Chester Hill, a suburb of local government area City of Bankstown, is located 25 kilometres west of the Sydney central business district, in the state of New South Wales, Australia, and is part of the Greater Western Sydney region. Chester Hill shares the postcode of 2162 with the neighbouring suburb of Sefton.
The name for Chester Hill is an inversion of Hillchester which some have thought to be an English locality but such does not seem to exist. 'Chester' is one of the English forms of the Latin word 'castra' meaning a fortified camp. The name for the suburb was conferred by Mrs H. A. McMillan, who first wished to call the place Hillcrest, after an estate near Regent's Park, and then Hillchester but neither of these names met with official approval.
Originally part of John Thomas Campbell's estate, known as Campbell Hill. Land was used for market gardens and orchards until the opening of the railway line in 1924 when the area developed into residential and light industrial.
A significant tract of land between Priam and Hector Streets had been occupied by the Royal Australian Air Force (RAAF) from the 1960s. This area was used for accommodation and mess facilities for the nearby 2 Stores Depot (Regents Park) and the Ground Equipment Maintenance Squadron (Villawood). These properties were disposed of and subsequently acquired first by the Southern Cross Bible College and then by Salamah (Muslim) College.
Chester Square in Chester Hill is a newly developed shopping centre, catering for the catchment of Chester Hill, Sefton, Birrong and Bass Hill, and directly situated behind the main road of Waldron Road. Amenities in the suburb include the Chester Hill branch of the Bankstown City Library, Chester Hill Fire Station, a community centre, and an RSL Club.
- Chester Hill railway station is on the Bankstown Line of the Sydney Trains network.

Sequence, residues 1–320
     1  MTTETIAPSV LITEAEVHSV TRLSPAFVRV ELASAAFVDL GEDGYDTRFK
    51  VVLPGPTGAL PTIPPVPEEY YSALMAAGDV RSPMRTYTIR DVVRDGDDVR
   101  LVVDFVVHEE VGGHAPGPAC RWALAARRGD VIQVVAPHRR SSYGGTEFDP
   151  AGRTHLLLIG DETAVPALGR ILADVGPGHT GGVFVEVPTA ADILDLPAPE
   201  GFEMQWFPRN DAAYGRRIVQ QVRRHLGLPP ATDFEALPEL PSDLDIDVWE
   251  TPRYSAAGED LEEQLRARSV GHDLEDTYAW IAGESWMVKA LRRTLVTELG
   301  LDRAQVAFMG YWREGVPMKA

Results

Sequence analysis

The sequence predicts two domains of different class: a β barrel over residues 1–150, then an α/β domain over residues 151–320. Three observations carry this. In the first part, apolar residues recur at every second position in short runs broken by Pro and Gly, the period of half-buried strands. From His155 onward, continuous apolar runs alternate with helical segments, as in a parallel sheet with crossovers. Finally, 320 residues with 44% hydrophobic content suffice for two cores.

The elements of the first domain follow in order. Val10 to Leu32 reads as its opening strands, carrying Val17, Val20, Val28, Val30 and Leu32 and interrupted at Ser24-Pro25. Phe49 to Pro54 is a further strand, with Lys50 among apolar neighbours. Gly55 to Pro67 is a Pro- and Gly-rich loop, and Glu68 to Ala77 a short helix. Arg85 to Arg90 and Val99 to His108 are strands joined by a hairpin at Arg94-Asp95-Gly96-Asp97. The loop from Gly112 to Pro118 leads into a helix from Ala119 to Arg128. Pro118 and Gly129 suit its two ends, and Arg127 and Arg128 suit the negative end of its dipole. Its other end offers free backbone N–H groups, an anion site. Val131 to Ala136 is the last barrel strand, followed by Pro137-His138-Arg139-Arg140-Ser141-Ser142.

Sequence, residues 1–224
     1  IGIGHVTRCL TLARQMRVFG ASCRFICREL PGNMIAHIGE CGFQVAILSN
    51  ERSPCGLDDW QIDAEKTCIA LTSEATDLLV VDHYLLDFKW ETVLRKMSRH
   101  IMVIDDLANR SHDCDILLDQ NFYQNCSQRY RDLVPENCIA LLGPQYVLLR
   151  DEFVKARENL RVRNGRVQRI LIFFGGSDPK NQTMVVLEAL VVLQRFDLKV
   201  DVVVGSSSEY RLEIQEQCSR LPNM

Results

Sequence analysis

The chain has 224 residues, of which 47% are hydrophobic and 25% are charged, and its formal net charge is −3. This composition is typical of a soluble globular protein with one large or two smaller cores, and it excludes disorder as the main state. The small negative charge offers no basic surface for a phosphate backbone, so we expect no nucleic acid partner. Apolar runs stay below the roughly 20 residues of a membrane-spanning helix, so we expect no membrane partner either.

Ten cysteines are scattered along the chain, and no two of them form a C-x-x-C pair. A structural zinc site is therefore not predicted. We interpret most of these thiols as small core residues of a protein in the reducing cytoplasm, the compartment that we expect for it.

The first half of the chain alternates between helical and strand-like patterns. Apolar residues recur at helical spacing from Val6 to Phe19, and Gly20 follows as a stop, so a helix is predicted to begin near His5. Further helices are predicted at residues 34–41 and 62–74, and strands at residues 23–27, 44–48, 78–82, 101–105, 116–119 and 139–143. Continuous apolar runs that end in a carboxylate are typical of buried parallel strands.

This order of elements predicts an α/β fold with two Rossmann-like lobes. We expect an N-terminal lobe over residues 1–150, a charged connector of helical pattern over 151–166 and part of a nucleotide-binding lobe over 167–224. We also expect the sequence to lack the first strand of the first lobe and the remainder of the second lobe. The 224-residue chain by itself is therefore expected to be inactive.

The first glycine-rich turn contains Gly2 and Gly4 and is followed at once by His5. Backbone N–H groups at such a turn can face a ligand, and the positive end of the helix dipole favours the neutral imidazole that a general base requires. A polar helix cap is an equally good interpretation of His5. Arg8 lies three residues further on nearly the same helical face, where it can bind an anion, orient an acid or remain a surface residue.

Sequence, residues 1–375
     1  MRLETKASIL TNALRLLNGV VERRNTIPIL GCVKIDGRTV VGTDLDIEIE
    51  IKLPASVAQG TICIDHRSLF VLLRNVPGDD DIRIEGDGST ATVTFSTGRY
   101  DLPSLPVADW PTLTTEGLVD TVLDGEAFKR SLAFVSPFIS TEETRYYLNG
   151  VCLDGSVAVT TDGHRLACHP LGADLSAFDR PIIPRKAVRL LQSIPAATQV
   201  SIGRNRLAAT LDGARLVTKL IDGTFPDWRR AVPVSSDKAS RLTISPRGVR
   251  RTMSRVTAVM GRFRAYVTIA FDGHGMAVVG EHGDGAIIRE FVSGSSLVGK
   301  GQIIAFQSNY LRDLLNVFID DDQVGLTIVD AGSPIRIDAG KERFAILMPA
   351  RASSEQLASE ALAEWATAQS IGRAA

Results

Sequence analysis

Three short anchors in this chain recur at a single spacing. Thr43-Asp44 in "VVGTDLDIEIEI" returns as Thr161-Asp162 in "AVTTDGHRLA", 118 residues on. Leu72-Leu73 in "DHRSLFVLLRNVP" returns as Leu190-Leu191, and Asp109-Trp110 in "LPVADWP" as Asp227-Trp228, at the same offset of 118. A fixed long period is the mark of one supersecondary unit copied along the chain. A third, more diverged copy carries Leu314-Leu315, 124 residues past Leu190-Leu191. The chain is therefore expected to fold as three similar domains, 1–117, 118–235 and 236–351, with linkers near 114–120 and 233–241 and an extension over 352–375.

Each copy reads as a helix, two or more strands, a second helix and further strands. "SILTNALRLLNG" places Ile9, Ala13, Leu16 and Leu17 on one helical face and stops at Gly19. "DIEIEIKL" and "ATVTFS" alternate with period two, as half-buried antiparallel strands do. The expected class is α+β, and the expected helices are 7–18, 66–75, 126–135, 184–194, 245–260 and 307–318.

- Bus link to Parramatta
There are four schools in Chester Hill, Chester Hill Public School and Chester Hill North Public School, which cater for years K-6, Chester Hill High School catering for Years 7 to 12, and Salamah College (sister school of Al Amanah College) only established in 2012.
Parks and recreation
Parks in Chester Hill include the Terry Lamb Complex, which incorporates Frank Bamfield Oval, and Abbott Park which is home to the Chester Hill Youth Cricket Club and Chester Hill Hornets Junior Rugby League club. Recreational amenities also include an RSL club, bowling club and community garden.
St John Mark's Parish Church (Anglican), Proctor Parade (that replaced St Mark's Church, Campbell Hill Road), St Columba's Presbyterian Church, Baptist Church (both in Priam Street), and Gnadenfrei, German Lutheran Church.
According to the 2011 census, there were 11,752 residents in Chester Hill. 54.8% of people were born in Australia. The most common other countries of birth were Vietnam 10.1%, Lebanon 6.5% and China 3.0%. In Chester Hill 39.1% of people only spoke English at home. Other languages spoken at home included Arabic 20.0%, Vietnamese 11.9% and Cantonese 5.5%. The median household weekly income in Chester Hill was $935, lower than the national median of $1,234. 
- Christian Heim - composer and medical researcher who grew up in Chester Hill
- Terry Lamb - former Rugby league player with the Canterbury-Bankstown Bulldogs and Australian Test side—a long-term Chester Hill resident
- Rebecca Rippon - Australian women's water polo player and 2008 Beijing Olympic Games bronze medallist
- Dr Michael Bialoguski - part-time ASIO agent who arranged the 1954 defection of Soviet diplomat Vladimir Petrov
Chester Hill is part of the City of Bankstown. The area to the north of the pipeline is part of the City of Parramatta. For state elections, Chester Hill is split between the electorates of Bankstown and Auburn. Federally, it lies in the division of Blaxland.
- "Chester Hill". Geographical Names Register (GNR) of NSW. Geographical Names Board of New South Wales. http://www.gnb.nsw.gov.au/place_naming/placename_search/extract?id=JPqwlMKmTR.
- The Book of Sydney Suburbs, Compiled by Frances Pollon, Angus & Robertson Publishers, 1990, Published in Australia ISBN 0-207-14495-8, page 60
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